Arthritis, Yoga and Me
“Yoga teaches us to cure what need not be endured and endure what cannot be cured.” - B.K.S. Iyengar
The benefits of yoga are being heralded by many health organizations. We should look at yoga as an ongoing practice and not a quick fix. Yoga teaches us to coordinate our mind, body and breath in coordinated movements. Controlling the breath is essential for a meaningful yoga practice. The benefits include:
- Increased flexibility.
- Increased muscle strength and tone.
- Improved respiration, energy and vitality.
- Maintaining a balanced metabolism.
- Weight reduction or maintenance
- Cardio and circulatory health.
- Improved athletic performance.
- Protection from injury.
The beauty of yoga is that you are not in competition with anyone not even yourself. You do what you can do when you can do it. If it hurts do not do it. I began my yoga practice six years ago. I have arthritis in my hands, wrists and knees. I am limited in the physical activity involving my knees. I can no longer walk long distances on hard pavement. When I started my practice I could not touch my toes, hold a pose for long, complete a down dog without wrist and hand pain or maintain my balance in the tree pose. I started with the beginners class for over a year. When I could not find a beginners class I took the prenatal class with young pregnant women. I was not embarrassed or felt out of place. Remember there is no competition in yoga; whatever is happening on someone else's mat is not important. After the end of the first year my wrist and hand pain had diminished, I could do a forward fold and touch my toes and keep my balance in tree pose. Most importantly my knee pain has lessened and I was able to complete and hold poses that were too difficult when I began.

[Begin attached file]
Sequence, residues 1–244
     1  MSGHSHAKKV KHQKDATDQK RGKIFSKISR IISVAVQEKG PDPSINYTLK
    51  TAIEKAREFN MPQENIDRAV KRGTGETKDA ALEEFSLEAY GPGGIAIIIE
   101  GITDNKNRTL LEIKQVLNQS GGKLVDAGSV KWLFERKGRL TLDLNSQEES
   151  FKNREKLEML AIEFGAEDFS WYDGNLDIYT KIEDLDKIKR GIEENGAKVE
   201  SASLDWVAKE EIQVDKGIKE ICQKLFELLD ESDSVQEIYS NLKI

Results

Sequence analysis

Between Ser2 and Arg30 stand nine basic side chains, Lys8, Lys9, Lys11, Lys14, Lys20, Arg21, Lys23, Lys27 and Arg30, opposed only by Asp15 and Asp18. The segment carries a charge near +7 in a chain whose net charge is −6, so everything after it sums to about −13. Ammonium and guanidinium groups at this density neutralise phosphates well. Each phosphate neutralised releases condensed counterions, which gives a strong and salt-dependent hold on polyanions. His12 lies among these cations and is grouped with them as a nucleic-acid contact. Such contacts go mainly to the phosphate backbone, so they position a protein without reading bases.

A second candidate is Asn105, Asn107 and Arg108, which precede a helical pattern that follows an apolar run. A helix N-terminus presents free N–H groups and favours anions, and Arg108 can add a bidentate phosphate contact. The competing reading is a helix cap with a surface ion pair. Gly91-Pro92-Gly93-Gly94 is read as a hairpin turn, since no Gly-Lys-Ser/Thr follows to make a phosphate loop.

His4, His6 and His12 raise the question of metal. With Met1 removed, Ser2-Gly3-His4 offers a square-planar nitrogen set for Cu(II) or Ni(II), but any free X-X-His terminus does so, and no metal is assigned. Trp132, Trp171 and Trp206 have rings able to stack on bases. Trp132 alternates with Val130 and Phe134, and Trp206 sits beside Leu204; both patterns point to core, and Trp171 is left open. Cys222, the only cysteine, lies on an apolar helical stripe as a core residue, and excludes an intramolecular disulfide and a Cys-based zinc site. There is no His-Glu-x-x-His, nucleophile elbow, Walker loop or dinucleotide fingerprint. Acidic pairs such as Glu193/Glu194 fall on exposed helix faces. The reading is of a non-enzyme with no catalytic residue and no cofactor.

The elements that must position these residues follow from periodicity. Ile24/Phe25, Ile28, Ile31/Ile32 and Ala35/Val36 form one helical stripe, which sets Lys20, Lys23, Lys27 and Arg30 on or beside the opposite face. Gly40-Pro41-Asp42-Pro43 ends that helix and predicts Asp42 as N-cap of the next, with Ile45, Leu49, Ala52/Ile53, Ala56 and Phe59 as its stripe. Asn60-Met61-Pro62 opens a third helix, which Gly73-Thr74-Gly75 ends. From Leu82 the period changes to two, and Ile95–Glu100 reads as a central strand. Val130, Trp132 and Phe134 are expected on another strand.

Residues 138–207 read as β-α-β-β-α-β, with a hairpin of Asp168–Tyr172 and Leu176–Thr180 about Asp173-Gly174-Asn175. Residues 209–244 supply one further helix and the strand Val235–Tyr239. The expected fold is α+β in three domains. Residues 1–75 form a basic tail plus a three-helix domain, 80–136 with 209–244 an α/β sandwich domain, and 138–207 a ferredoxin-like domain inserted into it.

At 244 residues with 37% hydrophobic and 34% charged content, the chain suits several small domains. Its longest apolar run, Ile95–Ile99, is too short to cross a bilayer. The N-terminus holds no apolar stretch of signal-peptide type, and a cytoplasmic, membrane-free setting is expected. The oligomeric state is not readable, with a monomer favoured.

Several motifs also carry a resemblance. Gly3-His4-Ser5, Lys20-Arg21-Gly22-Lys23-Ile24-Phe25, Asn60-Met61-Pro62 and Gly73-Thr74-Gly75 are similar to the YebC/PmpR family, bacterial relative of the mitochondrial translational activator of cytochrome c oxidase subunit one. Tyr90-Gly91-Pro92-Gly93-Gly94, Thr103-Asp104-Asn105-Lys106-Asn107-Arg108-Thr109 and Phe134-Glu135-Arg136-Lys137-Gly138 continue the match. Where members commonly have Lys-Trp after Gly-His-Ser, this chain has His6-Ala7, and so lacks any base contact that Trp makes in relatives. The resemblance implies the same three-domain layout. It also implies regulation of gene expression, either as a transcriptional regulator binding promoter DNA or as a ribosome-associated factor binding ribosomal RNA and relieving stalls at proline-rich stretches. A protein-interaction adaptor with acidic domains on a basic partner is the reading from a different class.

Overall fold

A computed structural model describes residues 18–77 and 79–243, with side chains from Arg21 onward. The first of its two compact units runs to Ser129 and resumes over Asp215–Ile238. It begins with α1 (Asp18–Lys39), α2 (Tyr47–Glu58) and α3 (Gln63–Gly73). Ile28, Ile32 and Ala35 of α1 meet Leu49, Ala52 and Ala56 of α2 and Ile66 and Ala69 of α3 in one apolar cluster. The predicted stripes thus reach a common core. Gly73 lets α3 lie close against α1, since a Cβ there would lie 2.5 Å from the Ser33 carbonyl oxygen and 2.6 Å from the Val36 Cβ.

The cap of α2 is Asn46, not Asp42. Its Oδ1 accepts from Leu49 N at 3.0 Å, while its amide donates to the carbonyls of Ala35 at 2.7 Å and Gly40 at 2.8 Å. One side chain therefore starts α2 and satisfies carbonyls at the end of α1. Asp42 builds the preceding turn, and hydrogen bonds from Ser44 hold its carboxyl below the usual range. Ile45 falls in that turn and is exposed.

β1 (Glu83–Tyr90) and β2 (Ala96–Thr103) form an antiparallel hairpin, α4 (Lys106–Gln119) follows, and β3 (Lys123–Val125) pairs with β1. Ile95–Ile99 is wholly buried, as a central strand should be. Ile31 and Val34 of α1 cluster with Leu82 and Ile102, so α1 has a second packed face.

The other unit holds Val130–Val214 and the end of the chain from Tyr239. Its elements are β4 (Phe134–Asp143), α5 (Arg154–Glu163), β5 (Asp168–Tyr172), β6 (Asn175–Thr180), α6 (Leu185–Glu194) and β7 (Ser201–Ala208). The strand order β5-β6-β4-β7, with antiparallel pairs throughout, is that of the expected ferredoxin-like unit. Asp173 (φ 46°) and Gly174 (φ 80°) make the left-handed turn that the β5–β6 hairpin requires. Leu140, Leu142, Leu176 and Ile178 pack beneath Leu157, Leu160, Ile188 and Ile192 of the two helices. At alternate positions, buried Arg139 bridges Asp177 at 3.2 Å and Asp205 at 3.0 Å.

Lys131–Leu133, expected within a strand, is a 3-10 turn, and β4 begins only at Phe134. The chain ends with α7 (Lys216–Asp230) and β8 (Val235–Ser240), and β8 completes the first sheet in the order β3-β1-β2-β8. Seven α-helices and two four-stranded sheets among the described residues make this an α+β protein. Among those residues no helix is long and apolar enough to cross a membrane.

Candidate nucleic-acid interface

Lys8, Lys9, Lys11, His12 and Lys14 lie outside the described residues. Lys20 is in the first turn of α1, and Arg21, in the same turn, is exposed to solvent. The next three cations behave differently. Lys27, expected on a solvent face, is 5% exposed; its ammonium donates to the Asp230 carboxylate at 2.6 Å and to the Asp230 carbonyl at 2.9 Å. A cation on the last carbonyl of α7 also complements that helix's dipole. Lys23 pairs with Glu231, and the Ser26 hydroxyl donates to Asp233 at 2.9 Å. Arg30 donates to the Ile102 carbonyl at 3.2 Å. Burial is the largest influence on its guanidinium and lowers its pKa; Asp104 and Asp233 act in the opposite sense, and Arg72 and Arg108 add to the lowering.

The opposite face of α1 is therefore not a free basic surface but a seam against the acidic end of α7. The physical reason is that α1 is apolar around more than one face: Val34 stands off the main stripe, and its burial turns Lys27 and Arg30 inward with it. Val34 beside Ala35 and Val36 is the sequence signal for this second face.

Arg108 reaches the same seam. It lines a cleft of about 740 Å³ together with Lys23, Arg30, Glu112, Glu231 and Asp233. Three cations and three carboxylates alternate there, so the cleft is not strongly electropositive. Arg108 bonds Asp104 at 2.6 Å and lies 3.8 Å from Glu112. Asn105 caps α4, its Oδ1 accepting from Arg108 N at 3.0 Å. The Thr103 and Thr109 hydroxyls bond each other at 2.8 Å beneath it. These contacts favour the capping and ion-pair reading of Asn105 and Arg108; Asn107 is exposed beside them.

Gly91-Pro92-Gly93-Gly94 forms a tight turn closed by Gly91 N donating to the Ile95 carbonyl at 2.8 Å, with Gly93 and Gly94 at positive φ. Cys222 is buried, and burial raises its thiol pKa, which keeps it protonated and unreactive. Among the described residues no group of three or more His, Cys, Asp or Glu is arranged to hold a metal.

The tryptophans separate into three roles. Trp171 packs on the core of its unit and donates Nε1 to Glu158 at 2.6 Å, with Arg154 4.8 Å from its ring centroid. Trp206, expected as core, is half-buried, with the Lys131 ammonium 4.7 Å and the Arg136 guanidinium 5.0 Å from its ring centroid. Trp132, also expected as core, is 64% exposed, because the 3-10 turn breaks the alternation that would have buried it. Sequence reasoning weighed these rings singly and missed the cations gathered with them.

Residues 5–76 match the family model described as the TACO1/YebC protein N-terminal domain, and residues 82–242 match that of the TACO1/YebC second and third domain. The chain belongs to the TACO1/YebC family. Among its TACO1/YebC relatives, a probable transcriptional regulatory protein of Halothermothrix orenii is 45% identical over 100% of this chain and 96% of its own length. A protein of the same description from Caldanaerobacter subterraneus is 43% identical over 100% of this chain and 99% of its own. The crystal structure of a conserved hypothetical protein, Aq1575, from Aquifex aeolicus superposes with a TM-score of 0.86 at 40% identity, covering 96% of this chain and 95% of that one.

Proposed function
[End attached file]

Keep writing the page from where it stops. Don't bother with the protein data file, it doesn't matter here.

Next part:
In year six I choose to continue with gentle yoga that emphasizes stretching and balance. There are some poses I cannot do and that is okay. Down dog is no longer a chore to engage but often a resting pose.
If you suffer with arthritis or another health issue that limits your mobility, I urge you to consider and try a gentle yoga practice. Always consult your physician before you begin a new physical activity. Find a yoga studio you trust to begin your practice. When you feel confident, you can practice at home. There are a number of yoga classes you can access on the internet and watch on your electronic tablet. The Pad Go Round allows you to take your tablet anywhere and set it up on a mini tripod on the floor. Visit us at www.padgoround.com and purchase one.